bereavement, chaplaincy, chaplains, death and dying, grief, grief and loss, neo-pagan, neo-paganism, pagan traditions, Paganism, pastoral care, religion, spiritual care, spiritual foundations, spirituality
In our work in chaplaincy, we come across people from all different religious and spiritual backgrounds. This requires us to have a basic sense of how one’s background will shine light on how a person will experience different emotional challenges. Here is an article about someone who is pagan.
Honest Questions About Grief From a PaganPosted: 02/07/2013 10:07 am
Writer and Interfaith Minister
I’m having a crisis of faith. My partner of 18 years died last year, and in addition to grieving the loss of his tender presence and our precious time together, I’ve watched helplessly as my spiritual foundations have crumbled around me. I wasn’t prepared for that.
When he was diagnosed with stage 4 lung cancer, my faith — an idiosyncratic blend of Neo-Pagan traditions that include modern druidry and shamanic practice — gave me an abiding sense of peace and purpose throughout his illness. But once he died, those same practices ceased to sustain and comfort me. And despite having what I thought was a strong spiritual support network, I have found myself adrift without a community and unable to find any Pagan-centered resources to help me manage my grief. I wasn’t afraid to lose my partner, but I never expected that his death would take with it the one thing I thought I could never lose.
I have lots of questions. One question is why aren’t there more articles or blogs or books about how a modern Pagan deals with grief? One thing Pagans do well is celebrate: We celebrate the Earth with outdoor rituals and planting gardens; we celebrate the Goddess with thoughtful liturgies and inclusive leadership; and we celebrate creativity with drumming, colorful ceremonies and by making space in our lives for play. That’s all fine and well, but the painful loss of death is just as real as joyful celebration. Pagans talk a lot about how we are more in tune with the natural cycles of the world, of the seasons, of life and death — but why do I find more resources for dancing around a maypole than for mourning the death of someone you love?
Another question of mine but one often raised by other Pagans: Will there ever be a more cohesive Pagan community? When Christians die, for example, the faithful rely on established congregations, caring pastors, prayer circles and comforting Bible verses. But so many of us Pagans are solitary practitioners, or we frequent loosely knit groups that may only meet for workshops or special events. If you’re grieving during those gaps in the event calendar, where do you turn for support?
The diversity of belief among Pagans is one of our strengths, but it also poses a challenge for the grieving person. When everyone determines their beliefs or spiritual path from an internal compass rather than a mutually accepted book of Scripture, for example, it’s difficult to know how to offer spiritual support. What kind of prayers should be said — and to whom? Does a circle need to be cast? Am I allowed to perform certain ceremonies or is that only for initiates of the order?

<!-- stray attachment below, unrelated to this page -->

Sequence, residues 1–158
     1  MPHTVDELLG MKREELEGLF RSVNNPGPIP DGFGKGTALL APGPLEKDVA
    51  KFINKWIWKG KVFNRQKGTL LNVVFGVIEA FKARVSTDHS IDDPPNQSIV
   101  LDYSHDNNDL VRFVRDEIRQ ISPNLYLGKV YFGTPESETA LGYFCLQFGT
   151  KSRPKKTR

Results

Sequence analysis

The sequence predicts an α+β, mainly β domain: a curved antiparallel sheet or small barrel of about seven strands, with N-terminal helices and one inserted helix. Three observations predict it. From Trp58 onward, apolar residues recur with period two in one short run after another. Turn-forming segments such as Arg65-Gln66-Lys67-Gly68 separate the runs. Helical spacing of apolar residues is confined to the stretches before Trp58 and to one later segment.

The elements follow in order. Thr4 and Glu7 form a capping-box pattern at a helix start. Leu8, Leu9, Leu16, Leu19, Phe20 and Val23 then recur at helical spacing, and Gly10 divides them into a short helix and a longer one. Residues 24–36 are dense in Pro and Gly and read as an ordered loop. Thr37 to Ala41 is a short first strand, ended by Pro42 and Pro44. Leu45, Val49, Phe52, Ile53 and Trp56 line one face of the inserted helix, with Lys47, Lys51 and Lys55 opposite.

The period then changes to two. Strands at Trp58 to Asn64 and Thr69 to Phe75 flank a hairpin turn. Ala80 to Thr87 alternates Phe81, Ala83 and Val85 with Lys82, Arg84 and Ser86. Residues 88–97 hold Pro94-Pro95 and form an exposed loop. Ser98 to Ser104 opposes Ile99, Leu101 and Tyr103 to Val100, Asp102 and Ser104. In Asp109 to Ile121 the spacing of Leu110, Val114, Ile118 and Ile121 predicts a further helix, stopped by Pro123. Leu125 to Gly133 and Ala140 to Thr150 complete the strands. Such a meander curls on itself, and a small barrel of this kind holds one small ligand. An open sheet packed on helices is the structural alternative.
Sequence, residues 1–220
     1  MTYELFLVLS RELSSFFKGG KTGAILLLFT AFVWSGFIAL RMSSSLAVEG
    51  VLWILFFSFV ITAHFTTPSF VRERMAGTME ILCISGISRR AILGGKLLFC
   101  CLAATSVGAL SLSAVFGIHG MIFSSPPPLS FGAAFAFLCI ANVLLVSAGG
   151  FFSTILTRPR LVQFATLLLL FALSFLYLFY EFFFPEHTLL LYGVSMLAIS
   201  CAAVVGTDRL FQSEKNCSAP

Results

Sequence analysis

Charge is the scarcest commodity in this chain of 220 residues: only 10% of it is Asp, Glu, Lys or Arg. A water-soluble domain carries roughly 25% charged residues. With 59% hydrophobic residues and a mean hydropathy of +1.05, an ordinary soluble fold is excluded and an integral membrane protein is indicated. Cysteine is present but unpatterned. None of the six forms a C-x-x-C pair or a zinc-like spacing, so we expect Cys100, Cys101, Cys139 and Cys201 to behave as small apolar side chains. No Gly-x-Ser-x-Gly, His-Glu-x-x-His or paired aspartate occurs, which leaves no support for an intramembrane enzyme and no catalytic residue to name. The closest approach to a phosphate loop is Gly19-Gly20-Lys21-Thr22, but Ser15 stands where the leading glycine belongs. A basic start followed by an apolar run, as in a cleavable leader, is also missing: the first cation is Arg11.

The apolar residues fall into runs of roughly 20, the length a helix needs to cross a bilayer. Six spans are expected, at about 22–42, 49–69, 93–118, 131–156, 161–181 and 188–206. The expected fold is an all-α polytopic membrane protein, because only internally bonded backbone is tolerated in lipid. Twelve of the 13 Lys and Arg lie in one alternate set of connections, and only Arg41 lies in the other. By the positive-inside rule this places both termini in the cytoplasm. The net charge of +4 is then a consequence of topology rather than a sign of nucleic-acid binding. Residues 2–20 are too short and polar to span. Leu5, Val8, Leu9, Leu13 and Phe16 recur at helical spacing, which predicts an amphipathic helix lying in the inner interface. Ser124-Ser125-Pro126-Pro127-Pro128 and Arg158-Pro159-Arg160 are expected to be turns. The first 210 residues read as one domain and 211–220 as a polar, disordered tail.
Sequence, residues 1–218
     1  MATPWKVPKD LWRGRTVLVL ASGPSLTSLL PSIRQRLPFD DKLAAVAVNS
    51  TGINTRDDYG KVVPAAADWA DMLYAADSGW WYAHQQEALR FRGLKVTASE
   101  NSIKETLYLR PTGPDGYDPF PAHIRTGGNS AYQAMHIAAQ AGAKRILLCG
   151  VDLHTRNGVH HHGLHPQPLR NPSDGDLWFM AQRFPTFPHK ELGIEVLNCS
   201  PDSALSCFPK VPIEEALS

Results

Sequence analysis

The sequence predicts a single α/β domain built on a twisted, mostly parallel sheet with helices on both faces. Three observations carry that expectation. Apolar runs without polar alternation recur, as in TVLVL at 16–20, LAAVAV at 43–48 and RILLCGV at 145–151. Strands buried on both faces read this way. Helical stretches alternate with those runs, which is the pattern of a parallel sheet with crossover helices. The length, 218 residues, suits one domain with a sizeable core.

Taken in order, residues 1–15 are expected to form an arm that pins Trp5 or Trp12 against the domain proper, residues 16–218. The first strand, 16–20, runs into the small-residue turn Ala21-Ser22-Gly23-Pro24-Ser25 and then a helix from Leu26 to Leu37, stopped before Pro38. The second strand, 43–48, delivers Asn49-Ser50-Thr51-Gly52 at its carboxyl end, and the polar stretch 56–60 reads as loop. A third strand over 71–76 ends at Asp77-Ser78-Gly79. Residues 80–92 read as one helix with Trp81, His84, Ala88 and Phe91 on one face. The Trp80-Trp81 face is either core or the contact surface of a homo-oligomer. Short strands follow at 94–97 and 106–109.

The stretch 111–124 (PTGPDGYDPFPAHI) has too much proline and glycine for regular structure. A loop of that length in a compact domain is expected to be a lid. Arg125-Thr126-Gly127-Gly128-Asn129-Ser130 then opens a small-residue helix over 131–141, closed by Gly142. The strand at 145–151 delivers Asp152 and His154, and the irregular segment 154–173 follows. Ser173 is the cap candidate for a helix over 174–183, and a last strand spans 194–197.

I think that, in general, our culture doesn’t know how to process death and grief. We want to keep it busy, focus on the positive and offer empty platitudes. I’ve found that true of people from most any faith. Yet isn’t faith supposed to help us accept the inevitable? Sometimes Pagans seem the most insensitive of all, offering nothing more helpful than, “You must let go” or “Life is a series of changes.” Oh, is that all? Whew, now I feel so much better.
Pagan practice is predominantly self-directed, or at least that’s my experience. But grief saps your energy to such a degree that you simply can’t maintain your personal altar, focus during meditation or push yourself to attend the next drum circle. In my grief journey, I feel I’m moving mountains if I’m just able to pay my bills, maintain my friendships and show up for work every day. In other words, the ancestors and spirit guides are on their own. But why, when you felt them calling you so strongly before, why are they now so silent?
Maybe that sense of spiritual isolation after grief is universal no matter what faith we practice. And maybe I’ll feel more like my old self in six months or so. But what if I don’t? What if I abandon this Pagan path? I’ve already lost my partner; must I lose my faith, too? This brings me to my central dilemma: Whatever spiritual path we choose should be able to sustain us through the toughest of times; if it fails to do so, is it worth keeping? Once before, I changed my faith when it no longer made sense and failed to sustain. Is that about to happen again?
Rabbi Moshe Edelman said:
Dear RabbiChaplain BK;
Fascinating article by Pagan. It reflects the void in spirit and ritual which he experiences now. More importantly, he cites the empty feeling as community is not supportive. Each of these pillars is part of the very essence of Jewish tradition, halakha, custom and history. Such a person cannot be left adrift. The chaplain of any faith can restore some of the faith that religion offers. The rabbi, you, can be a powerful presence for the pagan.